It’s THEIR fault
post # 206 — October 4, 2006 — a Client Relations post
Something happens to me whenever I give speeches. At some point, when I am doing what I was hired to do and explaining how the people in my audience could perform their roles better, someone always sticks their hand up and says: â€œItâ€™s not us, itâ€™s them!â€
I have hundreds of these examples, but a few will make the point. They can be very dramatic.
Once, I was (as instructed) explaining to a group of middle-level people what professionalism meant, and how they might handle themselves in dealing with clients and with others. We were using the anonymous voting machines that I like to use.
â€œThe question Iâ€™d like to pose to the groupâ€ one person said, â€œis how many people here think that those who are senior to us role model these behaviors?â€
I was young and dumb enough to let the vote proceed. Barely 15% of the audience thought that those ahead of them in the organization â€œlived the values.â€
To prove how REALLY young and dumb I was, I thought I would be praised and congratulated with gratitude for having uncovered a barrier to improvement. Instead, I was accused of agitating the troops against the interests of the people who hired me. I never got hired by them again.
Although I did make the mistake again — many times. (Iâ€™m a slow learner)
I remember, years later, being with the senior partners of a major consulting firm, talking about investing in current client relationships (This was just after The Trusted Advisor had been published.). Again, someone interrupted to say â€œThis is all fine, but thereâ€™s no incentive for us to do that — all our incentives around new clients.â€
The top management was in the room. I waited for them to jump in and reconcile the contradiction. After all, these were the same people who had hired me and assigned my topic.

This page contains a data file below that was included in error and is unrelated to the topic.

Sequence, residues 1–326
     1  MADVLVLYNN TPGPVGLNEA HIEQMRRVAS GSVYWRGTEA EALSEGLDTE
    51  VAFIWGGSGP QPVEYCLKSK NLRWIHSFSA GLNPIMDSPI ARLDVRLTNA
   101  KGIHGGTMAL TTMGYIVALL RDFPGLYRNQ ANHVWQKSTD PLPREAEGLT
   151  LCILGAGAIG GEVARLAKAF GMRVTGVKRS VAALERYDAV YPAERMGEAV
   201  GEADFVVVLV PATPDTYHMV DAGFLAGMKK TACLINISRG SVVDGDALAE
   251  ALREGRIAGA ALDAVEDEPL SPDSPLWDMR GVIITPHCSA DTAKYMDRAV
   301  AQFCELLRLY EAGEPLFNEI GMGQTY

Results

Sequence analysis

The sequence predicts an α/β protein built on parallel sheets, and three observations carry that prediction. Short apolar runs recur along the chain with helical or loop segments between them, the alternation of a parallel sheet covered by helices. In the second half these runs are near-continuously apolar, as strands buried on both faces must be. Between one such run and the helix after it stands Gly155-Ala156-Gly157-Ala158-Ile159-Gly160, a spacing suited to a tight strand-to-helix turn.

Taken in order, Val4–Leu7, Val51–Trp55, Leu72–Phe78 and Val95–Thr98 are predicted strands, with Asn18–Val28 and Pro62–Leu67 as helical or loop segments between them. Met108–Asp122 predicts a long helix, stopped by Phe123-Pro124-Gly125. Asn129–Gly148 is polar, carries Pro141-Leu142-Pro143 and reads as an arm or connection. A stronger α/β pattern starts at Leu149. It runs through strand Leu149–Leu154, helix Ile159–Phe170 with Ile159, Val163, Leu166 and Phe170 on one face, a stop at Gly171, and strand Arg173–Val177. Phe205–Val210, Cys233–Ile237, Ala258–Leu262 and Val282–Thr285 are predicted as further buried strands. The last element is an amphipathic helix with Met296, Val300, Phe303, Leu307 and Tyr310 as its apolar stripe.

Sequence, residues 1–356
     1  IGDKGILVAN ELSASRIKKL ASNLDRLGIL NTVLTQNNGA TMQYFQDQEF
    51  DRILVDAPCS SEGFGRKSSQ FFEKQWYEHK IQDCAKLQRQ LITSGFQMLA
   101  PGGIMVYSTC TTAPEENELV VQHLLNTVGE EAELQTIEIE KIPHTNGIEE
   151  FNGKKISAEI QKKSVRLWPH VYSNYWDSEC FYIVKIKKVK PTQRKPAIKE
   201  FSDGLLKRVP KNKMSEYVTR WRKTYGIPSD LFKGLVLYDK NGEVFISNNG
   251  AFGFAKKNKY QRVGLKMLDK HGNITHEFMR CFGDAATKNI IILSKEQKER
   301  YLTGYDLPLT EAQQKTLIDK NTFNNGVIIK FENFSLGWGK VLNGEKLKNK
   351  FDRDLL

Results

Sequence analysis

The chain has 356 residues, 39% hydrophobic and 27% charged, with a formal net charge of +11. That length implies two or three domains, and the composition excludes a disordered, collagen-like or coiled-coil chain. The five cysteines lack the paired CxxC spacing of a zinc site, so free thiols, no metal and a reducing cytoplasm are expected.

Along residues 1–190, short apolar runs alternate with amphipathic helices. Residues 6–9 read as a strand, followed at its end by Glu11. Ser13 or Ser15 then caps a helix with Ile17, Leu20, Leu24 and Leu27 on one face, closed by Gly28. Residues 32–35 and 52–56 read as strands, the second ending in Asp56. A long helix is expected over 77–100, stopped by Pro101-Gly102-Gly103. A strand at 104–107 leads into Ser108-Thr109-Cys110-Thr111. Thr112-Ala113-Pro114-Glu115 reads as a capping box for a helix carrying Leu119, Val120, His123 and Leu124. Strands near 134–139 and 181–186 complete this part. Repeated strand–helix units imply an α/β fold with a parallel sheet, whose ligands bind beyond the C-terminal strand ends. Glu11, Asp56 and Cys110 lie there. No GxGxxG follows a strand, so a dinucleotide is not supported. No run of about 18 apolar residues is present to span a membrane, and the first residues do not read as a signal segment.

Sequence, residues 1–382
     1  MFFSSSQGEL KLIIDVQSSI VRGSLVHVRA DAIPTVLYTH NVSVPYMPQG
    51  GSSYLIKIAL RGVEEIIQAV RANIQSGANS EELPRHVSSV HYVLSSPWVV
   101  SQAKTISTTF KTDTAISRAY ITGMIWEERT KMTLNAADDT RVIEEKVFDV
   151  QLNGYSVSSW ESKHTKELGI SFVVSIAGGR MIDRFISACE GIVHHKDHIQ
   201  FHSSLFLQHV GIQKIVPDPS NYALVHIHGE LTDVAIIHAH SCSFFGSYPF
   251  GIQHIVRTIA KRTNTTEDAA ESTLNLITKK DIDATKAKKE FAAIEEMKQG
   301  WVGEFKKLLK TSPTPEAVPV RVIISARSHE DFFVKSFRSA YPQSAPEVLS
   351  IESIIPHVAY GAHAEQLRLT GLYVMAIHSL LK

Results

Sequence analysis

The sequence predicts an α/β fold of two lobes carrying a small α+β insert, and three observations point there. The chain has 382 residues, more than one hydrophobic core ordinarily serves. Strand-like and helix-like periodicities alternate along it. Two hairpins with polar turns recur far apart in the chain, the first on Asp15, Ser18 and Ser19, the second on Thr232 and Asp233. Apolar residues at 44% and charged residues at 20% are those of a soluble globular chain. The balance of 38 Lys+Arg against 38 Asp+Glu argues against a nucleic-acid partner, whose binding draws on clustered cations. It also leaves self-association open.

I waited. They stayed silent. I waited a little bit more.
The eyes of the audience were not on them, but on me. Everyone wanted to know what the outsider would say about the contradiction between the assigned topic and the incentive scheme.
And you know what? I said it was a contradiction. The audience agreed. Management scowled. We talked about what changes would be necessary to get everyone in the room willingly participating in the behaviors management wanted to see.
I was never re-hired. I had not stuck to the assigned topics. I even got a call from the secretary of one off the bosses to ask â€œHow do we get more of this Trusted Advisor stuff without having to have you?â€
Come to think of it, itâ€™s amazing that over the years I have managed to earn a living!
So, what are the lessons? Well, Iâ€™d love to hear some advice about how to handle these situations better. They happen ALL the time — to this day. In fact, Iâ€™m coming to believe that the very reason top management hires speakers is to talk about things that they canâ€™t get their people to do, and hope the speaker will convince the crowd for them.
So, itâ€™s gonna happen. Itâ€™s probably gonna happen to you. Someoneâ€™s going to say to you â€œIt ainâ€™t our fault, itâ€™s THEIRS — meaning management.â€ How are you going to handle it , then and there, in front of , say, 50 to 300 people?